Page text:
LOCATION Ancona, Italy
YEAR 1978
STATUS Competition
DESIGNERS Antonio Monestiroli, Edoardo Guazzoni, Paolo Rizzatto

The area designated for the new square is adjacent to the axis that runs from Piazza della Repubblica through the entire center of the city of Ancona to Passetto. Compared to this axis it is centrally located in the basin between the Citadel and the relief of the Guasco and Cardeto mountains. From the port to Passetto, the city has three different and successive parts: the ancient city, the nineteenth-century city, and the twentieth-century expansion. All three of these parts have their own square representing them. The Plebiscito Square, long and narrow, rising towards San Domenico, set perpendicularly to the sea, is the axis of symmetry of the ancient city, its central place unifying it and constituting the very image of this part of the city; Cavour Square is the generating system of the nineteenth-century city, ordering the design of the rental houses facing it and their neighbors, establishing the new dimension of the built-up area of this part of the city (tall houses with homogeneous fronts, peremptory definition of a single way of living).

This fabric generates several minor squares: piazza Roma straddling the two cities, the ancient and the nineteenth-century, and piazza Stamira, which are formed following the rule of the nineteenth-century fabric, beyond any function, according to the logic of the self-representation of residence. Finally, the twentieth-century fabric whose goal is Piazza IV Novembre on the other side of the city, a high square open to the sea, which addresses, albeit in pretentious terms, the theme of defining a strategic place in the city’s geography with the construction of a memorial. The square in these three parts of the city takes on a meaning closely related to the logic of construction of the parts themselves; it is for each of them a place where their general characters are summarized. To design a square today means to measure oneself against this problem, having in front of a city that is the sum of all these parts and others, it is necessary to build a place that has meaning in itself, that becomes a reference for the whole city. Analyzing the alternatives posed by the theme of the square and the characters of the place where it is built, three different possibilities emerge: assume the characters of the nineteenth-century city and complement them with the new construction of the fronts of the buildings to be renovated (this solution, which is theoretically possible, is compromised by the existing new buildings); allocate the area to a garden (given its small size, this seems to be a fallback solution, both for the green areas – occasional logic, shattering and scattering of greenery – and for the area in question, which will never be able to take on a new unity with the help of greenery alone); provide for the location of an urban function and fill in the vacant space with the construction of a public building to replace the former military bakery, as in the original drafting of the nineteenth-century plan (this choice, contradicted by the administration and the call for bids, has the disadvantage of increasing the process of centralization of functions, the level of congestion and the contradiction between the center and the outlying areas).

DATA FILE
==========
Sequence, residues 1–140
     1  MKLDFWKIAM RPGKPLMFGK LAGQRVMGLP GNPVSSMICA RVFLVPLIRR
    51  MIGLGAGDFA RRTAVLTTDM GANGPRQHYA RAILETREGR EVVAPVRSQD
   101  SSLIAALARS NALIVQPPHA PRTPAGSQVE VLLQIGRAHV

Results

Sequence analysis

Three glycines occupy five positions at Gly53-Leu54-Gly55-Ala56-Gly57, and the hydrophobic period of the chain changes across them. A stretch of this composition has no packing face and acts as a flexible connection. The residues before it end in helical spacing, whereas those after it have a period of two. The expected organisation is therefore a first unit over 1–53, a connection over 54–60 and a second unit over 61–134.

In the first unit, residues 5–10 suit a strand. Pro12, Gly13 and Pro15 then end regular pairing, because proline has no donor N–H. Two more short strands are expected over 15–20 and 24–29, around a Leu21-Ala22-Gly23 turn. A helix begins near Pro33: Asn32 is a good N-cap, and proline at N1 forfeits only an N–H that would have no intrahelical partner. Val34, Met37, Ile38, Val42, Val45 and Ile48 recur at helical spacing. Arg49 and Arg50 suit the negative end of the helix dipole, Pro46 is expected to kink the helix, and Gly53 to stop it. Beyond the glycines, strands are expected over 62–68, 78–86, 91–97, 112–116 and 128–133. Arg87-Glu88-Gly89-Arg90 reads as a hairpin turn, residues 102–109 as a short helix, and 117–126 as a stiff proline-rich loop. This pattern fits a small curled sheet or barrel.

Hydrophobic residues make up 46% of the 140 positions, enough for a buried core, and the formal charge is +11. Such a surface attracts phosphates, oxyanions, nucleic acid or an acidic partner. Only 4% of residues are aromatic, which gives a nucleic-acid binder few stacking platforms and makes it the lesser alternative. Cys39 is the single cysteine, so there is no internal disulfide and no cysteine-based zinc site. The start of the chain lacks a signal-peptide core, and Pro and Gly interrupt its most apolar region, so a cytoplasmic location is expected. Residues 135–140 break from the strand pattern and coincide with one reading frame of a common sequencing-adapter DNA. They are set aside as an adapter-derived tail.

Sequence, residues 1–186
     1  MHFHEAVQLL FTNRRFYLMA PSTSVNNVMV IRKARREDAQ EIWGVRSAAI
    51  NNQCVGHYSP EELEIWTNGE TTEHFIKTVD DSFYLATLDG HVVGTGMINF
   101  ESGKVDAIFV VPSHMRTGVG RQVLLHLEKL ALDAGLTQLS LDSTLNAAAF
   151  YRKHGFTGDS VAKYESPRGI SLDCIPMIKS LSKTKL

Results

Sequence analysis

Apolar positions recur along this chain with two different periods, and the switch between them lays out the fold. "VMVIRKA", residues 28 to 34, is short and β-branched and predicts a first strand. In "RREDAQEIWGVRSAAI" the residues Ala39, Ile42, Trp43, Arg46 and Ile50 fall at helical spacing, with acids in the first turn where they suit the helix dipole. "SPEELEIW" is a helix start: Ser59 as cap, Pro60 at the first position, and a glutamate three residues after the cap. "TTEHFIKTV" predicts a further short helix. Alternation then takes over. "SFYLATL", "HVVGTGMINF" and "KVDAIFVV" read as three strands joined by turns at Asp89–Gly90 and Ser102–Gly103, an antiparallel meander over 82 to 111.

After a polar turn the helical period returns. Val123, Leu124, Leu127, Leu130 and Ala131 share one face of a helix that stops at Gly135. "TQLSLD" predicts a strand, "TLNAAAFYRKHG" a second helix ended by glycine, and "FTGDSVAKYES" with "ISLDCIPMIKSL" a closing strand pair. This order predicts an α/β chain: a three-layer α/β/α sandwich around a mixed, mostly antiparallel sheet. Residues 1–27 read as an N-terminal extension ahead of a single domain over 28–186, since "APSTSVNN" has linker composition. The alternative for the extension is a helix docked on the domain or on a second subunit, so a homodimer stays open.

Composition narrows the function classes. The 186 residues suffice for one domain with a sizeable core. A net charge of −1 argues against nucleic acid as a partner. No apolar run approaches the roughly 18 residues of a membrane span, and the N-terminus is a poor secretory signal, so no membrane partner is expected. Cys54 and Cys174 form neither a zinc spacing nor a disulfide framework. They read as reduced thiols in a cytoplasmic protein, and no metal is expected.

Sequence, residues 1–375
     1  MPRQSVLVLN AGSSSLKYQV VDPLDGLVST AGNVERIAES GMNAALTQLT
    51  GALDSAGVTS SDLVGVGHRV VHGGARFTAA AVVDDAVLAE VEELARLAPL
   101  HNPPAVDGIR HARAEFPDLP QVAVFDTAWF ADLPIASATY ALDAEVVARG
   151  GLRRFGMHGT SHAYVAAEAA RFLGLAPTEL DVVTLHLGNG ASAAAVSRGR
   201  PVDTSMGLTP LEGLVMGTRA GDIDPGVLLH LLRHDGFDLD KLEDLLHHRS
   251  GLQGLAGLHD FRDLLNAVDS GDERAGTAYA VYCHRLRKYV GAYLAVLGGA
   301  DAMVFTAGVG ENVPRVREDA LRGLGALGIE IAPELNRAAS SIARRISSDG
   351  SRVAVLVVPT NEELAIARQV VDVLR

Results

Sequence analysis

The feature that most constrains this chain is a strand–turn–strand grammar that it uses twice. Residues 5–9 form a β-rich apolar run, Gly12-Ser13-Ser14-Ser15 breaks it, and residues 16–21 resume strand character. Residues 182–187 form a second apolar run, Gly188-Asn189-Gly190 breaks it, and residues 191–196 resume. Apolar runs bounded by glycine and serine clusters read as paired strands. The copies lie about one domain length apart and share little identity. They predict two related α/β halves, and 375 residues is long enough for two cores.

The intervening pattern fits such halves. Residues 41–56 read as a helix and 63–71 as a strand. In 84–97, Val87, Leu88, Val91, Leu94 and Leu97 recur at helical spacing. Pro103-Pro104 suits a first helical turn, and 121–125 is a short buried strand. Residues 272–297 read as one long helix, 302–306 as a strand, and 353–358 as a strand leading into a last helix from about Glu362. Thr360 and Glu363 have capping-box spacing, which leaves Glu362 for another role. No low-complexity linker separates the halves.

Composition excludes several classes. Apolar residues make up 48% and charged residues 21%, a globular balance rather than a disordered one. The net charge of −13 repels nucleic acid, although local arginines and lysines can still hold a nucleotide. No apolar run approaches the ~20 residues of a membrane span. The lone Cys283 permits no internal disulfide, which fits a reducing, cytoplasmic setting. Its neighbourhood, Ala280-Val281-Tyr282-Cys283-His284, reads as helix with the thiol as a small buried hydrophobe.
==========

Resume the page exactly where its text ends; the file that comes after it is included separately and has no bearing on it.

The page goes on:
The three alternatives seem to have strong negative aspects, yet they highlight the need to reconstruct missing li-slate by returning the plan design to its original arrangement, to define the square without making use of the restructuring of its perimeter and without locating an urban function that would cause congestion and imbalance.